Camping stranded on Antarctic ice for 3 years?
28 participants of the ill-fated Imperial Trans-Antarctic Expedition led by sir Ernest Shackleton had to rely on much more than luck if they wanted to survive in the barren wilderness, cut off from the world for several polar winters with nothing more than scarce provisions.
After their ship Endurance got stuck in the ice, the expedition was all but left for dead. Things went from bad to worse when the pressure of ice floes crushed the ship, forcing the explorers to abandon their already frugal shelter and camp on ice. In their tents on ice, they survived harrowing months of extreme cold and high winds, low on food and other supplies. They could only hope that the currents of the ocean would guide their ice floe to an area from which they could risk escaping in their three lifeboats.
The ice floe drifted northwards and started cracking under their tents. Before they could fall through the unstable ice during their sleep, they embarked on a daring escape across the extreme polar ocean in their lifeboats. They rowed for a week, soaked in icy water, paralyzed in -30° C temperatures, blistered from their efforts. After changing their destination several times, they managed to land on the shores of just barely more hospitable and equally uninhabited Elephant island, still far away from any possible help.
When it became clear that their daring escape from Antarctic ice was not enough to ensure their safety, Shackleton started planing an even more perilous journey across the polar oceans. With a party of 6 in a small lifeboat, they managed to navigate 1300 km of the polar ocean and by some miracle hit the shores of South Georgia island. Other 22 members of the expedition were left behind and instructed to wait for a rescue party, without a chance to even know if Shackleton would be able to get help.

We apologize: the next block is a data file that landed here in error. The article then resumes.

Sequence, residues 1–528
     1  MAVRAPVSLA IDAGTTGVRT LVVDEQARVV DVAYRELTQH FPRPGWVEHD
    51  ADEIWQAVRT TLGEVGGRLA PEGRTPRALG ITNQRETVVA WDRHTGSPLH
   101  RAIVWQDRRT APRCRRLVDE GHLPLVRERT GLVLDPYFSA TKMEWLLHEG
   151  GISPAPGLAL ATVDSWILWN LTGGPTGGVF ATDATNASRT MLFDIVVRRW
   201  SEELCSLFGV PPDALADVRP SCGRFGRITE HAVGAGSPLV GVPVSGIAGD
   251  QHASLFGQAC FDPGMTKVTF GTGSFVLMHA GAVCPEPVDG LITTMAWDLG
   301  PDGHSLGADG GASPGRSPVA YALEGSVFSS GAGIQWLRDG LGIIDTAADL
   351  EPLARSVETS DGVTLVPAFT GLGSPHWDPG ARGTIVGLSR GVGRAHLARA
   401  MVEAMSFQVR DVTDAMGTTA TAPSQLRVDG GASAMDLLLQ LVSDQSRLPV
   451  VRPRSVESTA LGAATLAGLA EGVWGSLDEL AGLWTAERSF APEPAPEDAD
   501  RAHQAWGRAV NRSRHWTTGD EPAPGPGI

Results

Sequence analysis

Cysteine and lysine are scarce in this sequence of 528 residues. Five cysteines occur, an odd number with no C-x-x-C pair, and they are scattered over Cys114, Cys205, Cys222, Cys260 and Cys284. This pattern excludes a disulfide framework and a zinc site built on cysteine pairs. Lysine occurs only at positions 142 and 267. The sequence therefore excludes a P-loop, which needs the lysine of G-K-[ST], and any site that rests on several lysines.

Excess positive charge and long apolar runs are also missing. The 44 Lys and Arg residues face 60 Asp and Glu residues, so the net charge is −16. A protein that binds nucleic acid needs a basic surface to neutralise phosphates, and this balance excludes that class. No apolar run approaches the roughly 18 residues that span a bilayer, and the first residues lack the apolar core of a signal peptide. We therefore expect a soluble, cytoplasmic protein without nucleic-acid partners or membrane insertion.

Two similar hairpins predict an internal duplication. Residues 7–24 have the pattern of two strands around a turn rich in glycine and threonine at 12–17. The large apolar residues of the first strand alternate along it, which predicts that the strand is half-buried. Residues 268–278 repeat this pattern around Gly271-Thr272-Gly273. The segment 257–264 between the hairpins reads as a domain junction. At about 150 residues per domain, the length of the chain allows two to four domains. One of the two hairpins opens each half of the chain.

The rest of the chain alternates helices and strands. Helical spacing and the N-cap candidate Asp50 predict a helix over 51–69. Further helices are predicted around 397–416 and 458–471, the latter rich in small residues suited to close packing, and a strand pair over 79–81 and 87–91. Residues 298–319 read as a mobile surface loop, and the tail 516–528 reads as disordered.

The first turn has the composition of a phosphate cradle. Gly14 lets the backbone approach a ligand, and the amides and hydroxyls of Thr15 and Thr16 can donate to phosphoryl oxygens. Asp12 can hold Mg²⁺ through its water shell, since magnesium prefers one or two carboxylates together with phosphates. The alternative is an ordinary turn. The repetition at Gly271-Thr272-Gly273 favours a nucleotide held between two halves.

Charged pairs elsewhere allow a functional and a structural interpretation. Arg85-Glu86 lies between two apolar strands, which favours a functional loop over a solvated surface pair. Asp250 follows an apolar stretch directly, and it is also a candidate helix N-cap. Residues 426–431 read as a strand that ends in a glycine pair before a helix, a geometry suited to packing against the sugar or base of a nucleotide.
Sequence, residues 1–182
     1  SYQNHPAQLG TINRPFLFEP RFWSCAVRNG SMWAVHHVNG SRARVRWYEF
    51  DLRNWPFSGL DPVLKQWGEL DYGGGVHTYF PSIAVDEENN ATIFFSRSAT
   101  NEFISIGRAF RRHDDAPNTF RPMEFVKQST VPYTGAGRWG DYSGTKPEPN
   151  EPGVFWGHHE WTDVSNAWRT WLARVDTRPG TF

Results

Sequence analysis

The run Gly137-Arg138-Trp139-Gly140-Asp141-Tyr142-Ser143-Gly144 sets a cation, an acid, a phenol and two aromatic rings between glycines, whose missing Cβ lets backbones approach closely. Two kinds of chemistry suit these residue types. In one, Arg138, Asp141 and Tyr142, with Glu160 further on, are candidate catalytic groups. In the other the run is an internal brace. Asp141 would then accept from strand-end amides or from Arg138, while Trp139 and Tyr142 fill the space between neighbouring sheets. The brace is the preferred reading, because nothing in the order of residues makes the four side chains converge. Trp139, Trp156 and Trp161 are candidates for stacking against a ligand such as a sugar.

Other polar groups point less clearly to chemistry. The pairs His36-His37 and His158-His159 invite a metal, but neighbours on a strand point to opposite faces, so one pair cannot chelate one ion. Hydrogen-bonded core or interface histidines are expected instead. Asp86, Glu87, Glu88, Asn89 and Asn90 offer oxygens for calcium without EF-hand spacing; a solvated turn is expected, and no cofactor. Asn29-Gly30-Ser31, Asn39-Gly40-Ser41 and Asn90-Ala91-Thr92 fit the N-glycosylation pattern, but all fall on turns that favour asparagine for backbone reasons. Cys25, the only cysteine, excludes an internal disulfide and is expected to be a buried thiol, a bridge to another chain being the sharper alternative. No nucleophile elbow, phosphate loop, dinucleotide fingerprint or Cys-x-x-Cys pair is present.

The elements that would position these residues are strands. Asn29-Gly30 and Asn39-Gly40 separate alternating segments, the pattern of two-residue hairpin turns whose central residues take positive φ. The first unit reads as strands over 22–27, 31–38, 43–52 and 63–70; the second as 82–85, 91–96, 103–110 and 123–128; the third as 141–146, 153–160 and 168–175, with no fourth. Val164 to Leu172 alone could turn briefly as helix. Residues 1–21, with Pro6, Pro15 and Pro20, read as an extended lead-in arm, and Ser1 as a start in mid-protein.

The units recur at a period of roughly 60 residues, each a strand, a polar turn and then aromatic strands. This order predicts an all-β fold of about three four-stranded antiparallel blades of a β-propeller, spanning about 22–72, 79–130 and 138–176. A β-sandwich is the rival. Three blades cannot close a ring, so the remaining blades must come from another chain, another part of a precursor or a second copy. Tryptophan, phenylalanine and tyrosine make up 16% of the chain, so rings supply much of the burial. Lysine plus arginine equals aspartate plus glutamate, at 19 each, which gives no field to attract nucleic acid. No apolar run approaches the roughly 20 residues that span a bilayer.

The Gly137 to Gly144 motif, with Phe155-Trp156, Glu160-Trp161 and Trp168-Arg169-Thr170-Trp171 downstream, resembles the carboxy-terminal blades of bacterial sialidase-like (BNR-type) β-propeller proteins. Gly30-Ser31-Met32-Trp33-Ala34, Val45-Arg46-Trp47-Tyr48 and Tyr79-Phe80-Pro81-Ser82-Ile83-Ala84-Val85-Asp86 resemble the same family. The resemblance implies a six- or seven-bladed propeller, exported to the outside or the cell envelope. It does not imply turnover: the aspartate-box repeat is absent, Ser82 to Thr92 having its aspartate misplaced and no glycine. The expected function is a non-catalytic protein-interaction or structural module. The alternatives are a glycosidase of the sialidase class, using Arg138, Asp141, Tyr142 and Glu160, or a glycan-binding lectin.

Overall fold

South Georgia hosted a whaling outpost, which was of course located on the other side of the island. With their boat in shambles, Shackleton led a three men expedition across the island’s mountainous interior – after years of struggling on the Antarctic ice, malnourished and exhausted, beaten by their last boat journey, they climbed day and night through snow between the 2000 meters high mountains and eventually reached the whaling outpost.
All 28 members of the Imperial Trans-Antarctic Expedition survived!
What makes this story insane is not just the most extreme weather possible and the sheer duration of their agony. It’s all the other factors that weighed overwhelmingly against them.
- Staying sane after doing literally nothing for months in darkness, stuck in the same tent with same people.
- Caring for sled dogs, raising their puppies, then killing them one by one and eating them.
- Planning outlandish escape attempts, knowing the minuscule odds of success.
- Cutting their rations in half and then cutting them again even after severe starvation.
- Merely gathering enough will to live after months on ice with nothing but death in sight.
It is insane to think nobody got crazy and everybody survived!
There is a great account of the expedition:. Read it.
Author: , fancies himself as something of a philosopher.